A controversial video paid for by the conservative advocacy group Catholic Vote for its #MomsForKavanaugh movement, is a montage of boys growing up to be men nurtured by their Catholic mothers that cautions “If it happened to him, it can happen to you.”
“We are mothers. We give everything for our sons. No sacrifice is too great. We watch them grow into men of virtue, integrity and courage.”
The minute-long video shows boys growing up: playing happily, raking leaves, working out, playing football, praying in church, as young men, soldiers and firefighters.
“Until finally, the sacrifices, hard work, perseverance become their greatest dreams.”
Their sons are married now; a new father holds a cooing baby dressed in blue.
Then, a clip of Supreme Court nominee Brett Kavanaugh, under oath during his testimony before the Senate Judiciary Committee looking into the allegation of Dr. Christine Blasey Ford who swore under oath that Kavanaugh tried to rape her in high school, denying her accusation saying, “I am innocent of this charge.”
Then a montage of protesters: ‘Believe women,’ with a voice-over that says, “We must always believe the women” and Kavanaugh saying Blasey Ford’s allegation was refuted, that he may “never be able to teach again “and that his life is “totally and permanently destroyed.”
In stark titles with dramatic, climatic music: “If it can happen to him, it can happen to our sons …brothers, husbands, fathers. It can happen to you.”
Catholic Vote describes itself as a “community of patriotic Americans who believe our nation’s founding principles are good and true, and worth fighting for.”
Its ad been condemned and praised, called ironic given the Catholic Church’s history of protecting sexual predator priests and, is in opposition to public statements made by other Catholic groups.
On its tweet announcing the video, comments were for and against:
“I am a mother. I am a Catholic. I vote. Jesus teaches us to stand up for the least among us. The R party and Kavanaugh do not represent this fundamental teaching.”
“If we don’t keeping fighting against this #FemiNazi and #MeToo вυℓℓѕнιт, we will lose everything we have! Not only men, but women too.”
Reaction across social media was also mixed.
“Catholics being worried that they’ll be outed for sexually abusing people. Where have I heard this before,” a commenter asked rhetorically and facetiously on the Catholic Vote’s YouTube page.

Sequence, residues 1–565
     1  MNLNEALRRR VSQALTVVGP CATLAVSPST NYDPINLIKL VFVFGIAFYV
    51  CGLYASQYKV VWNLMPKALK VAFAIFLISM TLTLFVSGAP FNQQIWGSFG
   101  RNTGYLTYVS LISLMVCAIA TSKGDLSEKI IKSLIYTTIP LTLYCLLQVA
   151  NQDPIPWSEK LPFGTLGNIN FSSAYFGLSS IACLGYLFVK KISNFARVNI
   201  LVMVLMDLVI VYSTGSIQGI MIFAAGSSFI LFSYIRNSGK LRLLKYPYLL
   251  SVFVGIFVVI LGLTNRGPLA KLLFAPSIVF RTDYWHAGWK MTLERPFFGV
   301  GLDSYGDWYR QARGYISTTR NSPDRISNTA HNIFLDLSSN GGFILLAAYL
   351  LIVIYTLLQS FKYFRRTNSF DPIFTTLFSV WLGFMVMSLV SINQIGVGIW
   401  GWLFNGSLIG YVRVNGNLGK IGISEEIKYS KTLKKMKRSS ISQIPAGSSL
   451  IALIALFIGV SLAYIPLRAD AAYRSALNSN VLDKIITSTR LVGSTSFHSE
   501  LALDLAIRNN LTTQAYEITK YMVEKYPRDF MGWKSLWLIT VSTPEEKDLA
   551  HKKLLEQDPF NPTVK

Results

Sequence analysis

There Have Been Mixed Messages Coming From Catholic Groups
America Magazine, the “Jesuit review of faith and culture,” whose school, Georgetown Preparatory, Kavanaugh attended, pulled its endorsement of Kavanaugh after Blasey Ford testified.
“While we previously endorsed the nomination of Judge Kavanaugh on the basis of his legal credentials and his reputation as a committed textualist, it is now clear that the nomination should be withdrawn,” the magazine’s editors wrote saying his nomination had become a “referendum on how to address allegations of “sexual assault.”
The Jesuits called for Kavanaugh’s nomination to be withdrawn on Sept. 27, the day Blasey Ford testified: “For the good of the country and the future credibility of the Supreme Court in a world that is finally learning to take reports of harassment, assault and abuse seriously, it is time to find a nominee whose confirmation will not repudiate that lesson.”
Meanwhile, a conservative Catholic bishop who said even if Kavanaugh were guilty, which he doubted, his actions should be excused because “teenagers do many imprudent, foolish, stupid, and sinful things.”
In an also praised and condemned blog, Bishop Donald Sanborn of the Most Holy Trinity Seminary in Florida, said Blasey Ford’s account should be “discounted.” He argued Kavanaugh was not able to “face his accuser.” He also said that since Kavanagh was drunk, if the sexual assault occurred, “it was not a complete act …it was not a rape.” And, he was drunk so is not responsible.
“Even if, however, one should accept Dr. Ford’s testimony as true, I do not believe that the qualifications of any human being should include actions which he or she performed when seventeen years old. Teenagers do many imprudent, foolish, stupid, and sinful things, but in many or even most cases they recover from these bad actions or habits and act like responsible adults,” Sanborn wrote.
“Furthermore, what the judge is accused of is not even a complete act. It was not a rape. Even as it is reported, the prosecutor said that it is not actionable even from the point of view of prosecution as a crime. Furthermore, Judge Kavanaugh is supposed to have performed this act while drunk, according to his accuser, which would reduce culpability, if the incident did indeed occur,” he wrote.
As the full Senate prepares for a 3:30 p.m. vote Saturday afternoon on the confirmation of Kavanaugh, the embattled judge still faces sexual misconduct allegations, and has been criticized for partisanship and his temperament has been questioned.
Pres. Trump, who nominated Kavanaugh, tweeted Saturday that “Women for Kavanaugh, and many others who support this very good man, are gathering all over Capital Hill…” in anticipation of the confirmation vote. (The tweet has not been corrected; Trump misspelled the word Capitol.)
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